Friday, October 25, 2013

Red-Tailed Hawks and Social Play

Eaglecrest facilitator mochamamma has captured several videos of young red-tailed hawks squabbling, chasing, and stealing food from one another.
At first we thought they might be nest mates – although Stitch and Spot hatched just one young hawk, there are other nests in the area. But as the hawks piled up – three, four, five, eight – it became increasingly clear they weren’t related. What was going on?

We had a couple of ideas. Eaglecrest’s pond is a hot spot for local wildlife. Well over 30 species of animals have been captured on camera, including reptiles, amphibians, several mammals, and many birds. Large concentrations of raptors have been recorded at watering holes in Africa, Australia, the American Southwest, and other arid places. The young hawks at Eaglecrest were probably drawn in from the surrounding area by the pond’s abundant food and water supplies. But are they competing for limited resources or engaging in play and social interaction? Maybe a bit of both is happening.

I tend to think of red-tailed hawks as fairly solitary creatures. They chose a mate, build a nest, and defend their territory from interlopers, including other red-tailed hawks. But researcher Charles Preston observed red-tailed hawks in winter communal roosts of four to six members. These roosts sometimes included ferruginous hawks and at least one was close to a large communal roost of bald eagles.  Red-tailed hawks will also concentrate in higher numbers based on prey availability, which is probably why I start noticing them in larger numbers mid-fall. Like many other birds, red-tailed hawks are far less territorial when they aren’t breeding, although it might be a stretch to call them social. Yet juvenile red-tailed hawks engage in social play.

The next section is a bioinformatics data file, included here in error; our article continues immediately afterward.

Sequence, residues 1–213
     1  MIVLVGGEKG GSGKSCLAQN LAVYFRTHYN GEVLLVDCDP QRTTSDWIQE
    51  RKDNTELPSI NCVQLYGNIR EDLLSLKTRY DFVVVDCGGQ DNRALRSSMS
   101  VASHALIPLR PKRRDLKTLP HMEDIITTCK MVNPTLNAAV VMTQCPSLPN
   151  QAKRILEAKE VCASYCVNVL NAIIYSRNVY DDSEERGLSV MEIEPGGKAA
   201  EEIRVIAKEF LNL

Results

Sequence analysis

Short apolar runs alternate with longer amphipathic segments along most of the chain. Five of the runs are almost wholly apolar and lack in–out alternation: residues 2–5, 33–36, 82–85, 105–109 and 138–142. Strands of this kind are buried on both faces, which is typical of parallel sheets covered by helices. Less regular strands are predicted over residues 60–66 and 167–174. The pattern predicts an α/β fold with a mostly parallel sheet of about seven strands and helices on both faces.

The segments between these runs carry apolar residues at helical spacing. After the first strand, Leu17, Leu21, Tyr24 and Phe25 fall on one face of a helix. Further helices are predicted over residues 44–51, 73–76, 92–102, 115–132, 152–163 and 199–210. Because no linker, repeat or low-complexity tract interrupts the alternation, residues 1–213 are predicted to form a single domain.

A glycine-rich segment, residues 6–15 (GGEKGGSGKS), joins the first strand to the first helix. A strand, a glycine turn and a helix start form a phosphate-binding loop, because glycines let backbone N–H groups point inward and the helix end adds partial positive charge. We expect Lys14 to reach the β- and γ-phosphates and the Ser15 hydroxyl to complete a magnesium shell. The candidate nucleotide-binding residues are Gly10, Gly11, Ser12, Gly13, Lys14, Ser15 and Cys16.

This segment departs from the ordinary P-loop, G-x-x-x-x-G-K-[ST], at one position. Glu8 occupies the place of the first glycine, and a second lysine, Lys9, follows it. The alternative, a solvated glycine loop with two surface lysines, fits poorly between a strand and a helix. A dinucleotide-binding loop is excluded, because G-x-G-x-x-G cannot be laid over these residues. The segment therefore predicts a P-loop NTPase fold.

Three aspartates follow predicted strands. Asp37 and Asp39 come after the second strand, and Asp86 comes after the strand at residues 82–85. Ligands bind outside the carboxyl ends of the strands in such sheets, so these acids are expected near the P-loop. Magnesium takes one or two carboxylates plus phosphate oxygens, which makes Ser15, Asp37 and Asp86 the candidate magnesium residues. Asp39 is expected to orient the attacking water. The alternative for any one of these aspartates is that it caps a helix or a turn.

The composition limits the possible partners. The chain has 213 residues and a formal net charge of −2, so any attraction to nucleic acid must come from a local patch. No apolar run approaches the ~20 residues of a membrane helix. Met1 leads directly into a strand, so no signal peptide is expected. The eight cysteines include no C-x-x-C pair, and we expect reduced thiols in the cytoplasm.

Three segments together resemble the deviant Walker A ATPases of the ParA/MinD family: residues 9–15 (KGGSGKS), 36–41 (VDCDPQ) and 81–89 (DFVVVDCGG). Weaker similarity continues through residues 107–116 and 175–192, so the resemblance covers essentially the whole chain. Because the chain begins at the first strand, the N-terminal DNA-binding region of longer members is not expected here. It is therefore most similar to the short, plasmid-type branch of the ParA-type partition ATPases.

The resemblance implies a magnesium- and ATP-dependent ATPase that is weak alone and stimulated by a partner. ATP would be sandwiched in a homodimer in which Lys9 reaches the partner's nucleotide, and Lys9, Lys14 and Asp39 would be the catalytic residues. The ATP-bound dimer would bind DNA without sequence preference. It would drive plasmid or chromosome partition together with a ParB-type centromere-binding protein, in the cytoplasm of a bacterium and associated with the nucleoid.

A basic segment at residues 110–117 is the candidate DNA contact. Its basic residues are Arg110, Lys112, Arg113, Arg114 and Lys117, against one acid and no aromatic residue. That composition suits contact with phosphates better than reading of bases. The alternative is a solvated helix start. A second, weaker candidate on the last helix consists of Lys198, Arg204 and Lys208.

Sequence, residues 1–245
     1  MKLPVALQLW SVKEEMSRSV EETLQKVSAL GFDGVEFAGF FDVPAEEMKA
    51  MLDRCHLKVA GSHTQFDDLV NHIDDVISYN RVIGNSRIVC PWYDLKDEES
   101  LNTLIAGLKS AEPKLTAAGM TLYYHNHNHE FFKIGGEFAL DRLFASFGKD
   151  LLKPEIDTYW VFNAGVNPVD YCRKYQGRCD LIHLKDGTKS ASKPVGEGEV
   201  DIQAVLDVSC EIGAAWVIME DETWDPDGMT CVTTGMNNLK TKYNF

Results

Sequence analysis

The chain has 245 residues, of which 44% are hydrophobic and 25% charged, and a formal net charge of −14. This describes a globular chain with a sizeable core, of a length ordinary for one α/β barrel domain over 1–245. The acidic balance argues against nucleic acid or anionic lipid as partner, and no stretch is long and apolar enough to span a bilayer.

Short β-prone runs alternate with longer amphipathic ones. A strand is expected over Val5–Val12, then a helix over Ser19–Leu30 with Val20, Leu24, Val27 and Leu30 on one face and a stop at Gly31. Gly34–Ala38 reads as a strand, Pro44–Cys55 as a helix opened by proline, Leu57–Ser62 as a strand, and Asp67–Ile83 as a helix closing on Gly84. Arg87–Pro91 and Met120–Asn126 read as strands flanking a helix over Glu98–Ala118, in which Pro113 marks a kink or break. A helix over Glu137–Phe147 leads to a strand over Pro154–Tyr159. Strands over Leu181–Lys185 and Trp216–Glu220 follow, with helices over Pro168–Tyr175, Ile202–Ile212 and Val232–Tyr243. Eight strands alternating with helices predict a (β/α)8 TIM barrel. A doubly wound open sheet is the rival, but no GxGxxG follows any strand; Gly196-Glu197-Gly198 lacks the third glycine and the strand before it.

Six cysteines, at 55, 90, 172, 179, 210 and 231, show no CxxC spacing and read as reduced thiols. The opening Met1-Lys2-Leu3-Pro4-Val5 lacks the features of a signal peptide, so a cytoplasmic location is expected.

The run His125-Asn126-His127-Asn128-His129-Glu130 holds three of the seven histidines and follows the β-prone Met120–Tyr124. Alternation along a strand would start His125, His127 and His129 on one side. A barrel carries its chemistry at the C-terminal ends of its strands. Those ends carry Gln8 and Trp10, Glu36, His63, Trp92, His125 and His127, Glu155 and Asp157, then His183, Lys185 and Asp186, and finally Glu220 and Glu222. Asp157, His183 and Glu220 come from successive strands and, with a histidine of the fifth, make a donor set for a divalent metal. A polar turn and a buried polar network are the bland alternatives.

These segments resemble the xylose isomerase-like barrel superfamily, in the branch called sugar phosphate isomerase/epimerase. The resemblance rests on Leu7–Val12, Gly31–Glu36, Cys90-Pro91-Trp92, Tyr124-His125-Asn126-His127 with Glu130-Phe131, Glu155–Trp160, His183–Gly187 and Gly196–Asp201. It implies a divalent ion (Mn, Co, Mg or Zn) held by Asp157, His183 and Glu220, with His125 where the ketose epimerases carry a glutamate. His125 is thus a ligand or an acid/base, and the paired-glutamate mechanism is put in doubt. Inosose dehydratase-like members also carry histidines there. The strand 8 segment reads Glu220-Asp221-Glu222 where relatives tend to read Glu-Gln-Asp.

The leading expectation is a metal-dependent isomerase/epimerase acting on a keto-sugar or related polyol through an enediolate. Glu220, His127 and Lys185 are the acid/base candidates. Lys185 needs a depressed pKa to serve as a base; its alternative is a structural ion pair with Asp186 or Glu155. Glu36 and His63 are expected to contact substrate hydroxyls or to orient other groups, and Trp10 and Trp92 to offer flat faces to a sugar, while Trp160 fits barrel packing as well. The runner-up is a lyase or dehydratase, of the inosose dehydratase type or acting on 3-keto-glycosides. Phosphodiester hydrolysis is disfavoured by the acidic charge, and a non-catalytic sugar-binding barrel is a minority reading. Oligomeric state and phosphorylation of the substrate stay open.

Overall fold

Play is well-documented among juvenile red-tailed hawks. They have been observed playing with inanimate objects like rocks and sticks – stalking them on the ground, pouncing on them, and dropping and catching them in flight. Play seems to have evolved in most species that provide prolonged periods of parental care, and red-tailed hawks are no exception. As Charles Preston notes, the young birds “may gradually broaden their range of hunting methods and increase their skills by learning from their parents or other red-tailed hawks.”

The young red-tailed hawks at Eaglecrest chase one another, steal prey, and mock fight. They spread their wings, assume striking poses, mantle food, stalk through the undergrowth, and wrestle, pinning each other down before walking away. It is interesting to speculate that this ‘flocking’ behavior might help the young, inexperienced hunters capture food, even if they risk having it stolen out from under them. More eyes are more likely to find food, especially when the hunters are young and inexperienced. The sheer number of young hawks might help flush prey out, although any successful hunter will need to defend his or her dinner against the rest. Although the pond is a rich environment, the young hawks are still learning to hunt and compete for prey. A little musing: we know the hunting skills they acquire will help them procure food. Will social skills like posturing and wrestling help them acquire mates and defend territory from other red-tailed hawks?

Presumably, our hawks will spend several weeks together honing hunting, social, and other survival skills prior to dispersal (or forced eviction by adult residents). I hope the skills they have acquired through social play will help them survive.

We still don’t know how common this kind of aggregation is, although I intend to do more reading and research in the weeks to come. Is this common outside of hot spots like the Eaglecrest pond? I have no idea. More questions: we have watched young eagles and vultures play, although those birds were pre-fledging. How does pre-fledging play inform post-fledging play? How is play different and alike in different species? Do parents play with young? Why is play so prevalent in juveniles? These are worthy and important questions to ask. Even TED plays attention to the importance of play:
So get out and play!